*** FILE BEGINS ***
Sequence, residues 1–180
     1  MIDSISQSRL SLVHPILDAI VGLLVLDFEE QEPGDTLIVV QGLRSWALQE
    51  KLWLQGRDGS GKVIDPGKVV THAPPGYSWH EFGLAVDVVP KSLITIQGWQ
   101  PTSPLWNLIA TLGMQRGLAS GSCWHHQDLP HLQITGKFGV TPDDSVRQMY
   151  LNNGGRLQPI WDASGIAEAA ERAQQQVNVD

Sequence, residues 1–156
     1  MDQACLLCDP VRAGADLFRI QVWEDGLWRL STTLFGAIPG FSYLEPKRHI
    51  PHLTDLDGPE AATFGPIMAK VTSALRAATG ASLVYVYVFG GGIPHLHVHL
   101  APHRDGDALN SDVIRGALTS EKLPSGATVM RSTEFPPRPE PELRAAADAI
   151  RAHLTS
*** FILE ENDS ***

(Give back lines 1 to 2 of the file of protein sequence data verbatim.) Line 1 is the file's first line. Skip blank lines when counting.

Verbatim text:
Sequence, residues 1–180
     1  MIDSISQSRL SLVHPILDAI VGLLVLDFEE QEPGDTLIVV QGLRSWALQE